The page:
Hebanthe erianthos

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Hebanthe eriantha as Hebanthe paniculata.jpg
Scientific classification edit
Kingdom: Plantae
Clade: Tracheophytes
Clade: Angiosperms
Clade: Eudicots
Order: Caryophyllales
Family: Amaranthaceae
Genus: Hebanthe
H. erianthos
Binomial name
Hebanthe erianthos
(Poir.) Pedersen
  • Celosia eriantha Vahl ex Moq.
  • Gomphrena erianthos (Poir.) Moq.
  • Gomphrena paniculata (Mart.) Moq.
  • Gomphrena paniculata f. ovatifolia Heimerl
  • Hebanthe paniculata Mart.
  • Hebanthe paniculata f. ovatifolia (Heimerl) Borsch & Pedersen
  • Hebanthe virgata Mart.
  • Iresine erianthos Poir.
  • Iresine paniculata (Mart.) Spreng.
  • Iresine tenuis Suess.
  • Iresine virgata Spreng.
  • Pfaffia erianthos (Poir.) Kuntze
  • Pfaffia laurifolia Chodat
  • Pfaffia paniculata (Mart.) Kuntze
  • Pfaffia paniculata f. lanceolata R.E.Fr.
  • Pfaffia paraguayensis Chodat
  • Xeraea paniculata (Mart.) Kuntze

Hebanthe erianthos (many synonyms, including Iresine erianthos and Pfaffia paniculata),[1] known as suma or Brazilian ginseng, is a species of plant in the family Amaranthaceae. The specific epithet is also spelt "eriantha", although the basionym is Iresine erianthos.[2]

The root of this rambling ground vine found in South America is used traditionally as a medicine and tonic. Nicknamed "para tudo" in Brasil, which means "for everything", suma is a traditional herbal medicine.[3] The indigenous peoples of the Amazon region have used suma root for generations for a wide variety of health purposes, including as a general tonic; as an energy, rejuvenating, and sexual tonic; a calming agent; to treat ulcers; and as a cure-all for at least 300 years.[4]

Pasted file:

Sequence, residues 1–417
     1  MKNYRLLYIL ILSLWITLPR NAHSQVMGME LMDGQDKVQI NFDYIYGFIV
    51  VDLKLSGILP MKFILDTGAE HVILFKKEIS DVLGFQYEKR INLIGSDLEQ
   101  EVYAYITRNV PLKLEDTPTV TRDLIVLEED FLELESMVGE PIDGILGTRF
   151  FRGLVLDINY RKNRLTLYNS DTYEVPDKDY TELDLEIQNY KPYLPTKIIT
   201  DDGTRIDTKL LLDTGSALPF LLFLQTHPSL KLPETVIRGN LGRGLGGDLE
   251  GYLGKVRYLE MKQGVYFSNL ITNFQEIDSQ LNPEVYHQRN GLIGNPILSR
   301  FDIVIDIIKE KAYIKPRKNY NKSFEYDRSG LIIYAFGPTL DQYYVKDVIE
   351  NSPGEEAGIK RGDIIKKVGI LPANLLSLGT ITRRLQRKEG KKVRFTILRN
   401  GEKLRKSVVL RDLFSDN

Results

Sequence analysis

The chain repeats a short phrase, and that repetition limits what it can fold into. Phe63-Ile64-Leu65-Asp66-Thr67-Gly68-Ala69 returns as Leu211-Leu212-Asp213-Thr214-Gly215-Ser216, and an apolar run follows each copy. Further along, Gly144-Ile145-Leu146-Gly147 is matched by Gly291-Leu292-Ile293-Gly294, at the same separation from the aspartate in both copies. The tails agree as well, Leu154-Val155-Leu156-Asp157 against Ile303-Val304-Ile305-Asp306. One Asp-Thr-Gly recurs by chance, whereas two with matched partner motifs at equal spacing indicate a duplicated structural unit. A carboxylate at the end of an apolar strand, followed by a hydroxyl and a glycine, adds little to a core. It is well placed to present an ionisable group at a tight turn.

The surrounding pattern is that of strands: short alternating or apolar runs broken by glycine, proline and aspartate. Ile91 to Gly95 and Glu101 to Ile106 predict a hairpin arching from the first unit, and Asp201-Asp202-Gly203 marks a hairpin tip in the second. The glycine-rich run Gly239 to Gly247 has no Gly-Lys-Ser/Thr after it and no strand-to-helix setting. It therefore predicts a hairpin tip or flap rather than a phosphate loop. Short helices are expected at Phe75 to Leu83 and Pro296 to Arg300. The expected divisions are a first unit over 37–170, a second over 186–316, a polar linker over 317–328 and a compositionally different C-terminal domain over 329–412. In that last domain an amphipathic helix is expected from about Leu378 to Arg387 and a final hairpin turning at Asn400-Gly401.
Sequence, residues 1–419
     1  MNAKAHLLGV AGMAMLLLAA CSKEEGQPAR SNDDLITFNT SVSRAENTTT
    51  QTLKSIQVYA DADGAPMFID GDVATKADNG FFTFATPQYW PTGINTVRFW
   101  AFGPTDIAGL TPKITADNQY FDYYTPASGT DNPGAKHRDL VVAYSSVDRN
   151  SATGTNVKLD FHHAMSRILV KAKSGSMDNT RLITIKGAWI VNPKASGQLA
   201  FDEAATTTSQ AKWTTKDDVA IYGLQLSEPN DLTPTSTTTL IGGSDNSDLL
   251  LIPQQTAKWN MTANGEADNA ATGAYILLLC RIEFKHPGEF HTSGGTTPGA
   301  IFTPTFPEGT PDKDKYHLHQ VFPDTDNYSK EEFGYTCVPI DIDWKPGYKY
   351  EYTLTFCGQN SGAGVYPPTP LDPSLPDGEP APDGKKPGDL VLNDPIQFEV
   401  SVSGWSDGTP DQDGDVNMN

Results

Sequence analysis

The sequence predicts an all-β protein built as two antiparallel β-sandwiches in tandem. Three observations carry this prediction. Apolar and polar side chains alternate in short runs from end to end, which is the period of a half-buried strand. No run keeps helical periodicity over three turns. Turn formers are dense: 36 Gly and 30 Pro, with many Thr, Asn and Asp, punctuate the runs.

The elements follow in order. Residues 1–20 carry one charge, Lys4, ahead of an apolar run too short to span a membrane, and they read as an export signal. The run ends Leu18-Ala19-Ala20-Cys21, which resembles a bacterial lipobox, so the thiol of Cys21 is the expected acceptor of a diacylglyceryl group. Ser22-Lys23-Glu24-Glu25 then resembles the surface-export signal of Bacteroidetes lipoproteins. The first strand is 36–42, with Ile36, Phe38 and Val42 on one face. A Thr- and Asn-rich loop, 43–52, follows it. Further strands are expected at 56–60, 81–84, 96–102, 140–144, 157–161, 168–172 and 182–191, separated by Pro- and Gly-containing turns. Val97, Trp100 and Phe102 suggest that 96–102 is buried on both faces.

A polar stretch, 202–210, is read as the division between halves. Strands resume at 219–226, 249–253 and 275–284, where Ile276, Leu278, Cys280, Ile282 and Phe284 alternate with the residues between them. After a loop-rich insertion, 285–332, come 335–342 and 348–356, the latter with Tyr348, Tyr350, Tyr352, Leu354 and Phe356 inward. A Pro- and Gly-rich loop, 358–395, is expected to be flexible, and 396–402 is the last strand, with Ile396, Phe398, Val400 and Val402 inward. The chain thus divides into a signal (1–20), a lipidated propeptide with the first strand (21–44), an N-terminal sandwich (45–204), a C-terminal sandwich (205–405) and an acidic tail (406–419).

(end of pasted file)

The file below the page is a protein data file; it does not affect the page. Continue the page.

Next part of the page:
The root contains phytochemicals including saponins (pfaffosides),[5] pfaffic acid, beta-ecdysterone, glycosides, and nortriterpenes.[4]

See also[edit]


  1. ^ a b "Hebanthe erianthos (Poir.) Pedersen". Plants of the World Online. Royal Botanic Gardens, Kew. Retrieved 2022-04-10.
  2. ^ "Hebanthe erianthe (Poir.) Pedersen". The International Plant Names Index. Retrieved 2022-04-10.
  3. ^ Vieira, Roberto F. (1999) Conservation of medicinal and aromatic plants in Brazil. p. 152–159. In: J. Janick (ed.), Perspectives on new crops and new uses. ASHS Press, Alexandria, VA.
  4. ^ a b Leslie Taylor (2005). "The Healing Power of Rainforest Herbs". Tropical Plants Database.
  5. ^ "Triterpenoids from Brazilian Ginseng, Pfaffia paniculata" Jing Li, Atul N. Jadhav, Ikhlas A. Khan Tropical Plant Database Archived May 9, 2007, at the Wayback Machine